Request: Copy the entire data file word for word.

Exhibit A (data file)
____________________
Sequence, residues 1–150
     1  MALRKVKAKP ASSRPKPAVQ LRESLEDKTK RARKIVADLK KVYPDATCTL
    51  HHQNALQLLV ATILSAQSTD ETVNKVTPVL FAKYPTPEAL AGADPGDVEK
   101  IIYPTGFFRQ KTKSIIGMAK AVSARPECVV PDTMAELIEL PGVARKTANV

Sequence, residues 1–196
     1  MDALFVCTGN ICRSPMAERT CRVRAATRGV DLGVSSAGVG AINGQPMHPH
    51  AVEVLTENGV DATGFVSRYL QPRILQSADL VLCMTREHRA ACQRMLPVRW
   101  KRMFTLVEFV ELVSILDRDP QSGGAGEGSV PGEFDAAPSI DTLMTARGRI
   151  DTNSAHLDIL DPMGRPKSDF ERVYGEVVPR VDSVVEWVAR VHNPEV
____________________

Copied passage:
Sequence, residues 1–150
     1  MALRKVKAKP ASSRPKPAVQ LRESLEDKTK RARKIVADLK KVYPDATCTL
    51  HHQNALQLLV ATILSAQSTD ETVNKVTPVL FAKYPTPEAL AGADPGDVEK
   101  IIYPTGFFRQ KTKSIIGMAK AVSARPECVV PDTMAELIEL PGVARKTANV

Sequence, residues 1–196
     1  MDALFVCTGN ICRSPMAERT CRVRAATRGV DLGVSSAGVG AINGQPMHPH
    51  AVEVLTENGV DATGFVSRYL QPRILQSADL VLCMTREHRA ACQRMLPVRW
   101  KRMFTLVEFV ELVSILDRDP QSGGAGEGSV PGEFDAAPSI DTLMTARGRI
   151  DTNSAHLDIL DPMGRPKSDF ERVYGEVVPR VDSVVEWVAR VHNPEV